by Brandi Granett
Michelle Simpson-Pitts of Tallahassee, Florida, is a wife, mother, writer and veterans-affairs advocate. When she was a single mom, she knew her children – Emma, Tristan and Zoe – would have to embrace new partners in her life for the family to be truly whole. When she reconnected about four years ago with Kevin Pitts, a wounded warrior and former sweetheart, the sport of archery became a bridge between Kevin and Michelle’s children, especially then 8-year-old Emma, who took to the sport and is now pursuing an Olympic archery dream.
Archery is at the root of your family. How did you and your children enter the sport?
Kevin is a longtime bowhunter and compound-bow competitor. Kevin and I started dating when Emma was 8, and almost immediately she expressed interest in shooting. She started with a Pink Lemonade Mini-Genesis, and she has been shooting ever since. When she was 11, Emma began working with archery coaches M.J. Rogers and Bill Hewes when we lived in South Dakota. When she tried a recurve bow, it was over. She has competed in state and national competitions ever since.
How did Emma and Kevin’s relationship grow?
Kevin is a combat-disabled veteran. He didn’t get much help dealing with his injuries’ physical and mental realities. When he met Emma, he started getting outside to coach her, which helped him engage in life. It was a large factor in helping him seek treatment for various issues, and to become a certified USA Archery coach.
Emma, meanwhile, was shy and seldom engaged with anyone outside of the house before she took up archery. Now she’s the opposite. She seldom stops talking! She and Kevin could not be closer. It’s tremendously gratifying to see two people I love become such a great team.
Why does archery help build strong relationships?
Emma helped answer this question because she has benefited tremendously from archery. She said the process helped her learn to talk about experiences and learn from others. The only way you succeed is by seeking knowledge that improves your techniques and mental game. You get more information through teammates and coaches, so communication is important. Archers rely on the person who’s teaching them, and trust that person to give them correct information.
Archery helped Emma bloom. How has she changed? Why do you think archery builds confidence?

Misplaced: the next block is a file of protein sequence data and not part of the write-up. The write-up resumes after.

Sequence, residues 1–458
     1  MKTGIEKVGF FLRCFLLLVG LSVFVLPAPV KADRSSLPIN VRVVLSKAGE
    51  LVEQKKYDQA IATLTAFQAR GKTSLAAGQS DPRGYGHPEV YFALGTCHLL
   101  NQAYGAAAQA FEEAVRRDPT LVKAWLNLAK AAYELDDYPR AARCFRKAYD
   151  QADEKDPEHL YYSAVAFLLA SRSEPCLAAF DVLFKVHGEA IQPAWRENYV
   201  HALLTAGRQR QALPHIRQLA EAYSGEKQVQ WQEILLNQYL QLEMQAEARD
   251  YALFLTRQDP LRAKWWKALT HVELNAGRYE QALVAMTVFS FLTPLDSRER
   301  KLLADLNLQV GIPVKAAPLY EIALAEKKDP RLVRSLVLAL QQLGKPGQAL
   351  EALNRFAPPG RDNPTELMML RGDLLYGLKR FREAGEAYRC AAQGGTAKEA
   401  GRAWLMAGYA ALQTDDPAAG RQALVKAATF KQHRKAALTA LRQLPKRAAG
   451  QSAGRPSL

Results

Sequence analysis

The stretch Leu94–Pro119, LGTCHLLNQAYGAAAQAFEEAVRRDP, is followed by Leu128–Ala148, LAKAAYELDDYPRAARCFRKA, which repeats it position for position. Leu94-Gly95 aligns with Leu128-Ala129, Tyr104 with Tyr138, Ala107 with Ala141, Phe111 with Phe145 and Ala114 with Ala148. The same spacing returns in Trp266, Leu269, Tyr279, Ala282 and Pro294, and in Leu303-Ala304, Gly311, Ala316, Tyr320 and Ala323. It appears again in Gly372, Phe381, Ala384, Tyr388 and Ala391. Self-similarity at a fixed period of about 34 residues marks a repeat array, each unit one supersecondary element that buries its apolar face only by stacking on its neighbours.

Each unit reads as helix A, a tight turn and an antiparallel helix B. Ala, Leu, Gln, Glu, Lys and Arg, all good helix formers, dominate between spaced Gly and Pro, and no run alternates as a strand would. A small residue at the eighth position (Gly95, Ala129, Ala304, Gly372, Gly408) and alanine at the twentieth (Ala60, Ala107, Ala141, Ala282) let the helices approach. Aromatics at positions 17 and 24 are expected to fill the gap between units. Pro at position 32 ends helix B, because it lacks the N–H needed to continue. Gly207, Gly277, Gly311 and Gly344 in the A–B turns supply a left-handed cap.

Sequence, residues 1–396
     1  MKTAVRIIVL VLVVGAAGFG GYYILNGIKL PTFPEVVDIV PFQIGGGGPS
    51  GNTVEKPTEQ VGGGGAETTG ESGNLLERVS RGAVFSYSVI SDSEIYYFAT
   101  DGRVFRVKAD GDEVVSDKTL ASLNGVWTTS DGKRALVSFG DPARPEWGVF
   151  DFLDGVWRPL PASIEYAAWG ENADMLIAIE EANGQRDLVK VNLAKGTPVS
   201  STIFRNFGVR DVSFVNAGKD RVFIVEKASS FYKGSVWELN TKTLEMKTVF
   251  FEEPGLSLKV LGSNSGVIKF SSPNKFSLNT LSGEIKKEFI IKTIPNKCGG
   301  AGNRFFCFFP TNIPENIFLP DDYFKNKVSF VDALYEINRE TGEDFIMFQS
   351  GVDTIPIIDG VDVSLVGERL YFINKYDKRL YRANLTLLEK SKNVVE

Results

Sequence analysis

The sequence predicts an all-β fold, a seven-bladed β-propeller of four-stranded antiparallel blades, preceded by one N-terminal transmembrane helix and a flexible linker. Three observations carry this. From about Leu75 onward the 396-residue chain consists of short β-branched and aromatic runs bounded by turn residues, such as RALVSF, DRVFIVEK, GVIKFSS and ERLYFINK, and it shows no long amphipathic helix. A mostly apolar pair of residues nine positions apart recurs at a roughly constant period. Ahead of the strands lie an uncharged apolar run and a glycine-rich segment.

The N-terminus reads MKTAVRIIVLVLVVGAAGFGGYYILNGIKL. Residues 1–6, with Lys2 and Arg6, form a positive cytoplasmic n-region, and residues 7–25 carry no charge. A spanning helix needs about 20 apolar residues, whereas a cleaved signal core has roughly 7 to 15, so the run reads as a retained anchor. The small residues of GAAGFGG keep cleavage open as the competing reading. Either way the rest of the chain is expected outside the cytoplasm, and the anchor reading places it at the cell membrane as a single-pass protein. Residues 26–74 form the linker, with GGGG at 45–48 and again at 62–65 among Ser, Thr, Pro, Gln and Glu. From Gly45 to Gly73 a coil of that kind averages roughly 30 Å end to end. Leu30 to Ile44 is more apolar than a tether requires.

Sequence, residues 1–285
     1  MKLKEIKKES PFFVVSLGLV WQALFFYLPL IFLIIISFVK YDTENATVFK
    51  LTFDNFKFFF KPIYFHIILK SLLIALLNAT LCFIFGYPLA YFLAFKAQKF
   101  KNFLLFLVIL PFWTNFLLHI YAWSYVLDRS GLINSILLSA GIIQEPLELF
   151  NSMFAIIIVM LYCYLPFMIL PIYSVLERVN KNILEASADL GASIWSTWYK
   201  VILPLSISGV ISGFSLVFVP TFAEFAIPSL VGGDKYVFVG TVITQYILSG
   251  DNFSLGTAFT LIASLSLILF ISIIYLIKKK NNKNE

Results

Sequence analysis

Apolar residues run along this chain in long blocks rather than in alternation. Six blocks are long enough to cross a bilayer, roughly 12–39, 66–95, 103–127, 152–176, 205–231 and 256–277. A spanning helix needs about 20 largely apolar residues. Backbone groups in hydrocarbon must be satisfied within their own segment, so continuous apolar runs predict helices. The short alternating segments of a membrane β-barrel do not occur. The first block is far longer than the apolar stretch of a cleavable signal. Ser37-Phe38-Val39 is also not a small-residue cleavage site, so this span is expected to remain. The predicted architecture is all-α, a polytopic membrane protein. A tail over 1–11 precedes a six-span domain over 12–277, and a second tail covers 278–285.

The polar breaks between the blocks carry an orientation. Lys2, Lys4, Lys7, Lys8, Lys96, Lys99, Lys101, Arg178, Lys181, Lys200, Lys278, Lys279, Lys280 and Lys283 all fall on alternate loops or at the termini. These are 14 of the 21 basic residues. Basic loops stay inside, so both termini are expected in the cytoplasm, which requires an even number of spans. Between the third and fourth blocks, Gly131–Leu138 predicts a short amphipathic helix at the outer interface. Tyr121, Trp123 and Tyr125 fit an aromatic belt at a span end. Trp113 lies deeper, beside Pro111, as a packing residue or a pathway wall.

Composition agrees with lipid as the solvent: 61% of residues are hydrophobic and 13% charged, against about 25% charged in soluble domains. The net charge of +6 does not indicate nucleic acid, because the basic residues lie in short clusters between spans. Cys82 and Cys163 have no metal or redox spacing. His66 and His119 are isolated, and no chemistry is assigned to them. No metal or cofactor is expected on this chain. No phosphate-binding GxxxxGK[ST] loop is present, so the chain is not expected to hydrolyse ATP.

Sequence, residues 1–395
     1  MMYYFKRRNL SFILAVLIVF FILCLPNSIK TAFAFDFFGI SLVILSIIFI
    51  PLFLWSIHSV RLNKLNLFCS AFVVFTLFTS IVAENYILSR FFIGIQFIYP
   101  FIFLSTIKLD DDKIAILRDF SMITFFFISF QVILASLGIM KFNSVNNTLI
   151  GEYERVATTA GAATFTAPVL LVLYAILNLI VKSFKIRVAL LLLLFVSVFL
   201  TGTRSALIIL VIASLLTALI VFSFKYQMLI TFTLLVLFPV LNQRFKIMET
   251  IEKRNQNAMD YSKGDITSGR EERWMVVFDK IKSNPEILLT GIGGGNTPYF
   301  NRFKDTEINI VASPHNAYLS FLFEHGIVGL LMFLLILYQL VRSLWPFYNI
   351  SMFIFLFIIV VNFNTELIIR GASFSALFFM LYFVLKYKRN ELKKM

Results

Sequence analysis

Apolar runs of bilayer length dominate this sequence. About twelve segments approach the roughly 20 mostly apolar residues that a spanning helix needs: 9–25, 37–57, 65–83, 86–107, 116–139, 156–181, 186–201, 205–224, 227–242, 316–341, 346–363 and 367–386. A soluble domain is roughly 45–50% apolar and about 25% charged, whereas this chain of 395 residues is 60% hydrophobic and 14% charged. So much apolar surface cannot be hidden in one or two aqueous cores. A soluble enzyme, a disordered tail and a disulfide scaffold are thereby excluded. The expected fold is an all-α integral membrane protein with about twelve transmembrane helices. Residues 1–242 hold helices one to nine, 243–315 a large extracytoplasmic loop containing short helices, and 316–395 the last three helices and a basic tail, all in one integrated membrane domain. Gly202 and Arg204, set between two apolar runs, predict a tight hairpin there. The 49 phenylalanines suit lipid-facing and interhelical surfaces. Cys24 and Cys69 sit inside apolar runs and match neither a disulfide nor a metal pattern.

Once Emma’s hands were engaged in shooting, it got her out of her head. Shy kids tend to talk themselves down internally. When she started putting arrows in the red and yellow (target rings), she immediately felt a confidence boost. Success feels great! She is so much more talkative, and much more willing to be exactly who she is. She’s more than a mother could ever hope for. It’s been really cool to watch.
One big thing that contributes to confidence is that you can’t blame others. Archery is a personal journey and singular task. Your own work and discipline puts the arrows where they’re supposed to go. Once archers figure out it’s all in their hands – and heads – they want to see the success repeatedly.
As the mother of a junior Olympic hopeful, what advice do you have for other parents?
Emma hasn’t made the Junior Dream Team yet, but she’s working on it. She has been invited to camps at both U.S. Olympic Training Center locations, and it’s probably her favorite event of the year. She has made great friends with team members, and several coaches come by to check on her at every shoot.
One reason Emma started to blog about her experiences was because we had no idea what to do when she came to us at age 12 and said, “I want to make the U.S. Archery team and go to the Olympics.” As a parent, how do you figure out what that means? Thank goodness for the Internet! We put Emma in charge of researching, and made a plan of what we could (and couldn’t) do. I asked her to commit to writing about each tournament or event to help her reflect on what she learned. We didn’t anticipate how many people, especially on Tumblr, would have questions about the process. Now that archery is so much more popular, it’s easier to learn what you need about the process.
My best advice is to manage expectations and know your limitations. Are these archers doing this for fun, or do they repeatedly ask you to help them figure out how to reach the Olympics? There’s a big difference. Also, know what you CAN’T do. Several archery organizations hold competitions all year. It’s not usually realistic to attend every single one. Fees can be expensive, and competitions always start during the week. There will be a ton of missed school, so competitive young archers often must be home-schooled.
Kevin’s advice is to remember to support archery, not the score. It’s easy to overwhelm archers by focusing on a number. Anything that someone is passionate about should be fun. Taking that fun element away from a kid is always detrimental.
About the author
Brandi Granett is a published author, writing coach and competitive archer. Visit her website at http://www.brandigranett.com.